Although Floridians are just beginning to calculate the damages caused by Hurricane Michael, insurance industry analysts have reported that insurers in the state will be able to survive the heavy hit. Michael landed in the less densely populated Panhandle, and the backup reserves of the small and medium-sized insurance companies that write homeowners' policies in the state should cover expenses.
A preliminary projection of property losses prepared by Karen Clark & Company, a firm that models catastrophes, estimates that Michael will impose claims totaling $6 billion on private insurers. This estimate does not include claims that will be directed to the National Flood Insurance Program. About 60,000 policies from that program cover properties in the counties that took the brunt of the category 4 storm.
A system of re-insurance supports the private companies covering homeowners in the state. The insurers buy these policies from giant global insurers like Lloyd's of London or Swiss Re. The re-insurance funds the companies when they face catastrophic losses. One insurance industry analyst said that insurers in the state have the capacity to cover claims from serious storms as long as they only happen every 10 to 15 years.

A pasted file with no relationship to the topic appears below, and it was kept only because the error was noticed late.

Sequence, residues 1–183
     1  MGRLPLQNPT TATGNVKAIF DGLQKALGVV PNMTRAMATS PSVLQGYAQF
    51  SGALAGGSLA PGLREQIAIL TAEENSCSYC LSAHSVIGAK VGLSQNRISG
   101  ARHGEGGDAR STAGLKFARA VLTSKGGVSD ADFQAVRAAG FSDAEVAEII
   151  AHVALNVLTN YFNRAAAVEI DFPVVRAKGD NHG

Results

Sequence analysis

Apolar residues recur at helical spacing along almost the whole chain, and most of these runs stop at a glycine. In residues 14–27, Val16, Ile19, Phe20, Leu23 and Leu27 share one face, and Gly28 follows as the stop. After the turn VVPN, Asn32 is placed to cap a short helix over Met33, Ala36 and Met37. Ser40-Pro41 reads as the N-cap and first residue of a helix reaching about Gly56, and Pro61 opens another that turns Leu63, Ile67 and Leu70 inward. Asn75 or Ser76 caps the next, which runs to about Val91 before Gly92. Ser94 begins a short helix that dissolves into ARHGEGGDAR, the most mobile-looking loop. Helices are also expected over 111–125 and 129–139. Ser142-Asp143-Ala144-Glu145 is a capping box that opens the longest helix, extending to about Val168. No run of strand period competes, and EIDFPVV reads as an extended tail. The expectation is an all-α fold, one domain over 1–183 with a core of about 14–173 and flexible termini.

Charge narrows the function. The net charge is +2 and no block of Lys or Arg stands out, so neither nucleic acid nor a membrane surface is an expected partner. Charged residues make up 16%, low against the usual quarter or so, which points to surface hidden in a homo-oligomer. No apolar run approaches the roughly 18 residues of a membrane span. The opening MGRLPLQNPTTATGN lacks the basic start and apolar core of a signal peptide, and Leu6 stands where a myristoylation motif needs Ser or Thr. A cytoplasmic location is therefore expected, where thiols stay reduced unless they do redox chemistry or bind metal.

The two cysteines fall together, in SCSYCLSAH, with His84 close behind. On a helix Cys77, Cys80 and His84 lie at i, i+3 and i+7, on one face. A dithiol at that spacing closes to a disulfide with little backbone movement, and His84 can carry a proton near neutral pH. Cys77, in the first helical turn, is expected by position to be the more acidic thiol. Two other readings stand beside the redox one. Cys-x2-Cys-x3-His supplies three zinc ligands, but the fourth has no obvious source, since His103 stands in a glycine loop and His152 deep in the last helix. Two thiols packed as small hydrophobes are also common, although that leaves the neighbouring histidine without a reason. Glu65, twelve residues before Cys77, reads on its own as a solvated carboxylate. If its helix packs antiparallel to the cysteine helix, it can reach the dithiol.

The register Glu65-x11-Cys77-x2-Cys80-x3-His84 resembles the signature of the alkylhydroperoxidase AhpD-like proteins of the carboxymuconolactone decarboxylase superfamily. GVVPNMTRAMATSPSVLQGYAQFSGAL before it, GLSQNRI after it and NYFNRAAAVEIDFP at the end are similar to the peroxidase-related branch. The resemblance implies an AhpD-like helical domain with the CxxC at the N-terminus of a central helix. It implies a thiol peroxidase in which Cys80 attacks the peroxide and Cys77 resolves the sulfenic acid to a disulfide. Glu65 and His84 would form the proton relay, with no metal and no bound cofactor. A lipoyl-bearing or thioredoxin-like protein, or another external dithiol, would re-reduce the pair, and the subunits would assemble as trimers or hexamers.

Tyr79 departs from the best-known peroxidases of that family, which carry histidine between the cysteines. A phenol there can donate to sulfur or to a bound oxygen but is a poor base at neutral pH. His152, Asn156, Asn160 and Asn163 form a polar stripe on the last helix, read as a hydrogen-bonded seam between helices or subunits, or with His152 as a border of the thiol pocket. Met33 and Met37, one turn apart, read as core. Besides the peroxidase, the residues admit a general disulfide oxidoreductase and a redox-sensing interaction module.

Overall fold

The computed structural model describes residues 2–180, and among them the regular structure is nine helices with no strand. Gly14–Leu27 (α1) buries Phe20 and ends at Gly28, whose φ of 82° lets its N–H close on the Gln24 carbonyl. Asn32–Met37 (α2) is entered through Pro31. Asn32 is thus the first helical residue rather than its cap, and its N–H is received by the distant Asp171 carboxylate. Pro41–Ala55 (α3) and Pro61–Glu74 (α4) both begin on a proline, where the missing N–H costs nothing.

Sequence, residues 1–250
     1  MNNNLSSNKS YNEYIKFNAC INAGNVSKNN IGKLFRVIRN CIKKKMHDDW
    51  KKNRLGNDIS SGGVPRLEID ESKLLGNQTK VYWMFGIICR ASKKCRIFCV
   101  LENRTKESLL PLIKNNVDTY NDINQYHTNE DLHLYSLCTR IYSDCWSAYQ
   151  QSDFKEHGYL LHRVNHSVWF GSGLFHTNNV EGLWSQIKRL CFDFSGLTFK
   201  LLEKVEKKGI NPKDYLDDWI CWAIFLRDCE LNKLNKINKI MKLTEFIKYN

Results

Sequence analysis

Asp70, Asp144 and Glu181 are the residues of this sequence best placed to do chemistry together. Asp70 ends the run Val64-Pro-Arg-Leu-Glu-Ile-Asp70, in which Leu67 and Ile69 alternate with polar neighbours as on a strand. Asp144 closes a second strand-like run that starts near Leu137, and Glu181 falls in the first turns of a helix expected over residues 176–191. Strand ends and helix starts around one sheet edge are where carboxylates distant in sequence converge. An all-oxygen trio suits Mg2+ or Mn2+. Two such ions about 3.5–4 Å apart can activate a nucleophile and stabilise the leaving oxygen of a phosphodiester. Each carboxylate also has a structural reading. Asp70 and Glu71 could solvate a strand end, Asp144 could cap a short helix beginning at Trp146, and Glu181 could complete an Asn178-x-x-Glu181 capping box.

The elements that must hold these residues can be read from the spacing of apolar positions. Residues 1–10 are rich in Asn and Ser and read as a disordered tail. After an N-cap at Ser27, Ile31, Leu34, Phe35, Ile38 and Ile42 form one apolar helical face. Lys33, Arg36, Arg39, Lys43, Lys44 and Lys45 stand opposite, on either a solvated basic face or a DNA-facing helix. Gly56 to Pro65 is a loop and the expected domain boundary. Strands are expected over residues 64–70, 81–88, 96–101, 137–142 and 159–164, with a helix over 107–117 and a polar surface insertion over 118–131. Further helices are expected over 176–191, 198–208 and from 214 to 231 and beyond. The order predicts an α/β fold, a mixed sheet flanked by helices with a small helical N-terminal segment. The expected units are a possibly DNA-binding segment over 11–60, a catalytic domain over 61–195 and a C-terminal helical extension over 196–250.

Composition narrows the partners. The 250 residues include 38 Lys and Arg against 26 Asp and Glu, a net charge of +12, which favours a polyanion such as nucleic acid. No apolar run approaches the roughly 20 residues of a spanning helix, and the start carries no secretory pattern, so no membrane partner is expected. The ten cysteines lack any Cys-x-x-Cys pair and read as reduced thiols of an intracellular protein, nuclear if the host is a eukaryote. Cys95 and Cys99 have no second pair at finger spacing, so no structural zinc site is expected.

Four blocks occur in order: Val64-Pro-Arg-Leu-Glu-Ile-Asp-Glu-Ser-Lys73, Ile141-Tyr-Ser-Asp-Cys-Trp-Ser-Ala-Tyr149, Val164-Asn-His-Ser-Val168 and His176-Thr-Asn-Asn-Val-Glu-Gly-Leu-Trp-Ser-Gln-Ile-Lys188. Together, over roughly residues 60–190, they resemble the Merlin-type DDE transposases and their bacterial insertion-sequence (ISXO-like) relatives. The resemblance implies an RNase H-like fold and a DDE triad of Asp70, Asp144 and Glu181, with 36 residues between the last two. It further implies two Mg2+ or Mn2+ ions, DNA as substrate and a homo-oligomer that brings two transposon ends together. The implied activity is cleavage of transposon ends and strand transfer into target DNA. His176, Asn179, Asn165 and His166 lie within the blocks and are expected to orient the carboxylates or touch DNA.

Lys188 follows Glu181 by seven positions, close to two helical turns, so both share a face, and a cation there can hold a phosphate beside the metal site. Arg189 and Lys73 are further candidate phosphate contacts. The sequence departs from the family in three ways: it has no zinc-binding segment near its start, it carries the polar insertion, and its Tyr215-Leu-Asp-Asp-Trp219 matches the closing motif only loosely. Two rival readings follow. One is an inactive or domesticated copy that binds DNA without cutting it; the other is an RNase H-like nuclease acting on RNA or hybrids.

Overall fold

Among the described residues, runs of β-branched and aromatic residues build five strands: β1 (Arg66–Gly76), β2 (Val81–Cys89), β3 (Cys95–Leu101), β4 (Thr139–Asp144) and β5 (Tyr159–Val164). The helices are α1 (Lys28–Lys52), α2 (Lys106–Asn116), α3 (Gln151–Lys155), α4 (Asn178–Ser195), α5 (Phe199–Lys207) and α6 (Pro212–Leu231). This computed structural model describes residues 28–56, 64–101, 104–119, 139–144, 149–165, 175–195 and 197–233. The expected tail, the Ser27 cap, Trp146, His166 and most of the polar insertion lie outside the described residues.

Although insurance companies make financial preparations to meet the obligations of their contracts after a natural disaster, they still might attempt to deny claims from policyholders or reduce payouts. Because hurricane damage claims might be met with delays or denials, a policyholder could ask for support from an attorney. A legal representative might uncover answers when an insurance company will not respond to a policyholder's questions. In some cases, an attorney might recommend filing a lawsuit to pursue compensation owed to the person.